The class builds on the classes of International Law and Advanced International Law, dealing with a judicial dispute before the International Court of Justice. The classes will have different approaches: a few lectures will be dedicated to specific topics; in many cases students will be asked to present orally their claims in a moot trial; students will correct written briefs with the professor. The aim of the class is to deepen the knowledge of public international law, to learn how to write a written brief in English, and to acquire public speaking skills. The class will be tought in connection to the oldest moot competition for law students, the Jessup Moot Competition (https://www.ilsa.org/jessuphome). Since 2014 the Universitty of Milan participates to the Italian rounds, and in some occasions has been invited to the international rounds in Washington DC. The competition is divided in two phases: during the first one, students will be asked to draft two legal briefs about a dispute described every year by ILSA, the Jessup organizing association, as the applicant and the respondent party. During the second phase all the Italian teams will gather (usually in February) to challenge each other in a moot trial, in English, before a panel of three jurists.
Expected learning outcomes
- Knowledge and understanding: students shall know the main legal issues concerning public international law; - Applying knowledge and understanding: students shall be able to employ notions acquired during the class to a specific legal dispute; - Making judgements: students shall be able to make accurate judgments on public international law, developing an advance legal research and advocacy skills; - Communication: students shall be able to understand issues of public international law, using the appropriate terminology; - Lifelong learning skills: students shall acquire advance legal skills, public speaking, and how to work in a team.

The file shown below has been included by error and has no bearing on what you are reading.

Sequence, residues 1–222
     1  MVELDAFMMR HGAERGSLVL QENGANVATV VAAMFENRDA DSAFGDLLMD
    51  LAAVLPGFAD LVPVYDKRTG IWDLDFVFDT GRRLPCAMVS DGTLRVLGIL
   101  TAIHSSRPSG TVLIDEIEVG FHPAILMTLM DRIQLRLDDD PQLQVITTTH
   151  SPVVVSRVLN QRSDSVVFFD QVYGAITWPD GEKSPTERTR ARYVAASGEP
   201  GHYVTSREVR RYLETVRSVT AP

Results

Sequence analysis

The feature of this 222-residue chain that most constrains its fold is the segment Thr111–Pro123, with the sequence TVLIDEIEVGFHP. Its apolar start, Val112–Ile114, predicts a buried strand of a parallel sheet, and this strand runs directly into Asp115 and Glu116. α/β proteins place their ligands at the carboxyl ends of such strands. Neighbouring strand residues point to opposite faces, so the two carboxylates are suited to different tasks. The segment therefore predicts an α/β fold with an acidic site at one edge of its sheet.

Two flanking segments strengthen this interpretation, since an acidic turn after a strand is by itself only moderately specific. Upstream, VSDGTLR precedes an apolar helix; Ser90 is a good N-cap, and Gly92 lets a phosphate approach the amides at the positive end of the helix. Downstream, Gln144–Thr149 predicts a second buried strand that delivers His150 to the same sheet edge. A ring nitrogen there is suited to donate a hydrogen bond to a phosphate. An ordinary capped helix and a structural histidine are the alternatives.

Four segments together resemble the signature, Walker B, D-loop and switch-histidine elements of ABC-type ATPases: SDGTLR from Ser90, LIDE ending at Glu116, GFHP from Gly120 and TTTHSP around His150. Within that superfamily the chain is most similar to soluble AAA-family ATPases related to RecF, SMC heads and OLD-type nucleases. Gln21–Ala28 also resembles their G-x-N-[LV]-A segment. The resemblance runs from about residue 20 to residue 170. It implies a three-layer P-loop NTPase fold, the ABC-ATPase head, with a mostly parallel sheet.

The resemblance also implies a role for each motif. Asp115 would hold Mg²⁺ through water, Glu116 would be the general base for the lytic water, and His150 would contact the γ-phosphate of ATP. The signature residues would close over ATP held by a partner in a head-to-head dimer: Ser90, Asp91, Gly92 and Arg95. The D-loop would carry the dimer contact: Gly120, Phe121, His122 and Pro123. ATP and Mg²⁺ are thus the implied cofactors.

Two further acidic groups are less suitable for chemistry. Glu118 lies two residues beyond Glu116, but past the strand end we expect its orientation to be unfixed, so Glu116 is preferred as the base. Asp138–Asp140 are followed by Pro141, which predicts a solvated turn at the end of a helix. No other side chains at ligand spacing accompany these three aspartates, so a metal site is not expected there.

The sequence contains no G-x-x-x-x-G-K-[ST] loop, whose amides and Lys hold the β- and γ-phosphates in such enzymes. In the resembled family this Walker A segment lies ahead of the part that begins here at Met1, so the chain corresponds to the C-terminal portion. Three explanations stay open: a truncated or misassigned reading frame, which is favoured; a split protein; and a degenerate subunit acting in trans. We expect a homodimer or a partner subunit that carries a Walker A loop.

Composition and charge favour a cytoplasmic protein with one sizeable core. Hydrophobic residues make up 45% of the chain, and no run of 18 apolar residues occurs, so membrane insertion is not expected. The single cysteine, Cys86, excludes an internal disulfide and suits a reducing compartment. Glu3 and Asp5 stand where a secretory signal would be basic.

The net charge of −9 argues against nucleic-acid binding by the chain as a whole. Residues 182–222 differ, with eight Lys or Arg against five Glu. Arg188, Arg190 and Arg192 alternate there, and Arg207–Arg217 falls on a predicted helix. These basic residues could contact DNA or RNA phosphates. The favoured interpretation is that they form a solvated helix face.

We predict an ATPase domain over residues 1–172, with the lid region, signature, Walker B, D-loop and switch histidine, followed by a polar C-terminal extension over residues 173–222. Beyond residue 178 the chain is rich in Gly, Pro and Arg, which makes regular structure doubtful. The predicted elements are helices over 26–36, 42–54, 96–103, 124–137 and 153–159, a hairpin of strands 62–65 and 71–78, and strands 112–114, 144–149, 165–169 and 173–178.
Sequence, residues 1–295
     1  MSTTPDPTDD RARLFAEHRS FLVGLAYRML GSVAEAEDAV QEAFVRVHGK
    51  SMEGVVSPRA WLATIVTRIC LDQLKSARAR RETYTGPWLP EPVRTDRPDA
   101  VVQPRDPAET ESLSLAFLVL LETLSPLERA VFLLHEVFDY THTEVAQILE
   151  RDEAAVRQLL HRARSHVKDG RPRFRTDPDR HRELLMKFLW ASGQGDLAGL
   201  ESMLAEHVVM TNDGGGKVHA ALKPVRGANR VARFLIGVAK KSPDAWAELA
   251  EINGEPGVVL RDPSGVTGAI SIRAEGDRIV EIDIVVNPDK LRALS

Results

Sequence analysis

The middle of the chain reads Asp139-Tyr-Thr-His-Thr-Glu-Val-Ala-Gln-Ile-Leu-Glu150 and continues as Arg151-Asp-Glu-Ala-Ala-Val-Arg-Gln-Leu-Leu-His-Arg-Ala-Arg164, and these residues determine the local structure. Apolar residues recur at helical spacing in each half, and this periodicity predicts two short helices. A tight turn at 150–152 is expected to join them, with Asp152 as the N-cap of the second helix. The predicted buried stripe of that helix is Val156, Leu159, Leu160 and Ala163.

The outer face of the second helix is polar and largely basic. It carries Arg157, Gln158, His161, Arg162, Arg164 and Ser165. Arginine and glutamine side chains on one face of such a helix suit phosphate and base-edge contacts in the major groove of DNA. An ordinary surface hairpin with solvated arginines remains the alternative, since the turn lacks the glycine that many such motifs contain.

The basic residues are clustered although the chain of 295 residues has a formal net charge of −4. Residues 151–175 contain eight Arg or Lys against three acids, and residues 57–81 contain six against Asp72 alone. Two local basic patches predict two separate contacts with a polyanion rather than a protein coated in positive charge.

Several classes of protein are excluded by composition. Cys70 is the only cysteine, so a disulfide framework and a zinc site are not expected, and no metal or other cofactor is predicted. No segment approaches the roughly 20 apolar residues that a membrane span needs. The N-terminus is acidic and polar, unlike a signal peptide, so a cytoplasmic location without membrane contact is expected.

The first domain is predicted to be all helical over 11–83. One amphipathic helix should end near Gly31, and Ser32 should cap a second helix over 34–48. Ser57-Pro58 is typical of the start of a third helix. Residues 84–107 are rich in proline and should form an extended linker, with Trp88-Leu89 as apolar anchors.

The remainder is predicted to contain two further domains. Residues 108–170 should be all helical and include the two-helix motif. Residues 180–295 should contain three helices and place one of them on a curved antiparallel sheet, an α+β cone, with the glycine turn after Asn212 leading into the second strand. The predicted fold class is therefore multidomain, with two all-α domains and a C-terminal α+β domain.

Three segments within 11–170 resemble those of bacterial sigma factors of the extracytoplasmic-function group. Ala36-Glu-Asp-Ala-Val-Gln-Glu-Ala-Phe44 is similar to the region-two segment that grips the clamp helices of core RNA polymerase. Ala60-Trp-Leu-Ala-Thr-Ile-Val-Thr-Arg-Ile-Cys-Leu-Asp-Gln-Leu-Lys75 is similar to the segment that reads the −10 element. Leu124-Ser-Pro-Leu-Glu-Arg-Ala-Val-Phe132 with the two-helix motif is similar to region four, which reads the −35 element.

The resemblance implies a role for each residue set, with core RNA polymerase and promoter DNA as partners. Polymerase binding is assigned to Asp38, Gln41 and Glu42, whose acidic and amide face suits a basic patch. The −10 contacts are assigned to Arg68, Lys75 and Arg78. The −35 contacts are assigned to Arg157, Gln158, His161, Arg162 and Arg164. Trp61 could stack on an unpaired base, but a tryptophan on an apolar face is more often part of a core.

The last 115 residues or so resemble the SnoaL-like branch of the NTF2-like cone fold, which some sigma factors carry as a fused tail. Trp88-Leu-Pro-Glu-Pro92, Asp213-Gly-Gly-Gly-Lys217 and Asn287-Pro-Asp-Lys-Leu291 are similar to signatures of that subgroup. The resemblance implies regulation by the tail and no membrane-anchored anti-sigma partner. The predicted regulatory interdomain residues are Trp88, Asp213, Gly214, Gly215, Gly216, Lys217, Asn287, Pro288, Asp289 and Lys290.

Lesson period: First semester
(In case of multiple editions, please check the period, as it may vary)
The class offers students the opportunity to work on complex topics in international law.
Prerequisites for admission
Students must be fluent in written and spoken English.
classes will include a variety of methods: some lectures will be dedicated to certain topics of international law or to the most important issues of the case; there will be seminars dedicated to the case; the briefs will be corrected together with the professor and with older students, who participated in previous editions; tutoring and coaching both of the single student and of the group, improving their legal advocacy skills and their ability to engage in a conversation with a panel of judges.
The bibliography will be suggested during the classes and by the professor throughout the semester.
Assessment methods and Criteria
participation to the class will be evaluated through engagement with the class activities and the other team members; written briefs; final oral exposition at the moot competition.